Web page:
The two German shepherds were usually on self-imposed duty protecting the children. They lay by the door watching cars and people go by on the street. Sometimes their ears would turn and focus on certain sounds. If the sounds were benign or considered normal the ears would relax. If the noises hinted of trouble the ears would swivel and face the location. Then their low throaty growls would gradually get louder until the problem was resolved or I told them it was okay and they could relax. I thought they were rough and tough and ready for any situation that arose.
There were exceptions to their tolerance to noise. Although they had been trained to ignore gunshots while in protection mode they were never quite ready for fireworks and firecrackers. The sudden splashes of light and sound, as well as their confusion when pops and bangs came from varying locations, startled them into jumping and running for cover. They never learned to adjust to any fireworks whether the explosions were large or small. When the first firecracker exploded on special occasions both dogs became nervous shaking puppies.
Thunderstorms were another source of noise that could not be avoided. When one of those dazzling displays of lightning occurred with accompanying thunder, Rex and Cleo would crowd closer to me, content to have my hand pat them occasionally. When the thunder became too loud and took them out of their comfort zone, they would dash for the bed and squeeze underneath.
One night in the midst of a very loud and powerful storm the power went out. It was already after ten so my wife and I hurriedly put the children to bed and retired for the night. We lay in bed talking about the events of the day, the children, and things we needed to do tomorrow.
Lightning struck a tree outside splitting it in half, and the resulting boom shook the house. At the same time our bed rose several inches. My wife screamed and the children came running and piled on top.
She tried to slide off the bed to get everyone resettled. As she turned to get up, a head met hers, made one big slurp and dived underneath the bed again. She screamed even louder this time.
Thinking we were under attack by the elements I grabbed the children and headed for the basement. Rex and Cleo chose this moment to escape the close quarters. They jumped on the bed and knocked my wife to the floor. She screamed again and then fainted.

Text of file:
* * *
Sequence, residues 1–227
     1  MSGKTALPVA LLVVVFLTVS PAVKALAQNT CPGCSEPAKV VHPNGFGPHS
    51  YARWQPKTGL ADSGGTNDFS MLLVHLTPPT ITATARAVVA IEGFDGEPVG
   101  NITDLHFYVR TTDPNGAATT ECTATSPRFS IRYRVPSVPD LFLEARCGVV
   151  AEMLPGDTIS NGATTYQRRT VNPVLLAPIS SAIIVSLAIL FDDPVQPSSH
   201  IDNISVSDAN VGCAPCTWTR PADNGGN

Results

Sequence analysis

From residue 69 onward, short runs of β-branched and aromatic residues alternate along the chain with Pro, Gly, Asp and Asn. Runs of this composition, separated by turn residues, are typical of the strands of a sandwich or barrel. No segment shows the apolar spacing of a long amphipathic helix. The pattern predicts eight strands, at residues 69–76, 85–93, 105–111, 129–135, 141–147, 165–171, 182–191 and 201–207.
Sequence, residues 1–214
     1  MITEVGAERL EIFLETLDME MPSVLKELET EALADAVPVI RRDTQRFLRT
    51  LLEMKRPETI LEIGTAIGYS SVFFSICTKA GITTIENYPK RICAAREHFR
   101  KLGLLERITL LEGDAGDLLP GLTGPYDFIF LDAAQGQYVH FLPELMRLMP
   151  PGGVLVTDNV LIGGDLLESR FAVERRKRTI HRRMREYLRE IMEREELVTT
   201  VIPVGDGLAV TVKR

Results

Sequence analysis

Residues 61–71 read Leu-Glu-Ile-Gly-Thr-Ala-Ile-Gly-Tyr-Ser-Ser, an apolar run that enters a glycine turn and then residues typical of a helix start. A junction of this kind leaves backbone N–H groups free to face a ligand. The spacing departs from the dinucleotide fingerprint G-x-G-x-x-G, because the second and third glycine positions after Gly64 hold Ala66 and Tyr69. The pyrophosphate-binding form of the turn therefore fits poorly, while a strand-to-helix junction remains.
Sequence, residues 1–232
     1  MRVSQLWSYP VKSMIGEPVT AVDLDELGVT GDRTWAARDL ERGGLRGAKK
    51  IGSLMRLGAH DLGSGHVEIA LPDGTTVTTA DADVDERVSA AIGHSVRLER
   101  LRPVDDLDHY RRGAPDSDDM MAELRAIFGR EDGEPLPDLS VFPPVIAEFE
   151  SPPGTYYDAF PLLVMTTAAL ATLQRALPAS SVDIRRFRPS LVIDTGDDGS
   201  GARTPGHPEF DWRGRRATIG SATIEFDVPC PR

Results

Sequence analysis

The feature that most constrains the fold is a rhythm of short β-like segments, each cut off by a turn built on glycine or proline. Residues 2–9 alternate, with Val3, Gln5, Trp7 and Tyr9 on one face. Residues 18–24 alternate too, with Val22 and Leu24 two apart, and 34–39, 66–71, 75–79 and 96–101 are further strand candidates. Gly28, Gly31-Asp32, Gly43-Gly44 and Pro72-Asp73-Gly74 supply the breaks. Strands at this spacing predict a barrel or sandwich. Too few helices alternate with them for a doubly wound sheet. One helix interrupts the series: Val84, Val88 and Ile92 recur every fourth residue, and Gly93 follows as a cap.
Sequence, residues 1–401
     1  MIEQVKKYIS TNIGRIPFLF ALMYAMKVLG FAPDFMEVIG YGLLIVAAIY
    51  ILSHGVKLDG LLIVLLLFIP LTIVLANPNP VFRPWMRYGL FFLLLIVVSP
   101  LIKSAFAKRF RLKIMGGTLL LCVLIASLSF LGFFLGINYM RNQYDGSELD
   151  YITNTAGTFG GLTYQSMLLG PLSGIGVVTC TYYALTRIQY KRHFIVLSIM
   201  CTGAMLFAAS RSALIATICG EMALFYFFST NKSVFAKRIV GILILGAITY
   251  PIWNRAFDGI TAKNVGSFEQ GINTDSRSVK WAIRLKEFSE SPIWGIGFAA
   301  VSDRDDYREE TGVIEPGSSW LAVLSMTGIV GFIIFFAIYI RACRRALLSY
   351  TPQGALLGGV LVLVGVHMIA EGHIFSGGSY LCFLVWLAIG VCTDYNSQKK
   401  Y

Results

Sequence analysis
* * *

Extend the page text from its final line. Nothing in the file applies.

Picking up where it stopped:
I called Rex and Cleo and they slunk down the steps and hid. I went to find my wife, concerned that she was badly injured. She wasn’t in bed nor did I find her in the bedroom. I didn’t know she was on the other side of the bed, on the floor, next to the wall.
I went from room to room, tripping over all the things left behind when the lights went out. Ignoring the pain I continued to search. The lights came back on. The children returned and I ordered them back to bed. The dogs returned and I ordered them back to their beds although they returned several times to see if I really meant for them to get out.
Everything was returning to normal but I had to find my wife. Had she ventured out into the storm? Was she injured or worse? My mind was exploding with possibilities. Despite my commands Rex and Cleo bounded past me and squeezed between the bed and the wall. Unfortunately it was at that precise time that my wife awoke. She screamed again. The children came running, the dogs started giving her doggie kisses, and I thought she was injured for sure.
After the dogs and children were resituated I pulled my wife to her feet. She looked at me crossly. “Don’t you dare say anything,” she snapped.
I turned around and walked out onto the front porch. I studied the clear sky and took a deep breath of fresh air. I tried not to smile but I couldn’t help it.
In a few moments my wife joined me. “Aren’t you coming back to bed?”
“I’ll be there in a few moments. The air is so clean and crisp after a storm and I want to enjoy it.”
She put her arm around me. “”I want to hear your version of tonight’s events before I go to sleep. I’ll bet it’s funny.”
“Honey, It wasn’t funny until I knew you were okay. Then I grinned, that’s all. It was a rough scary night. One I’ll remember.”
She hugged me and went inside. I knew things were going to be all right.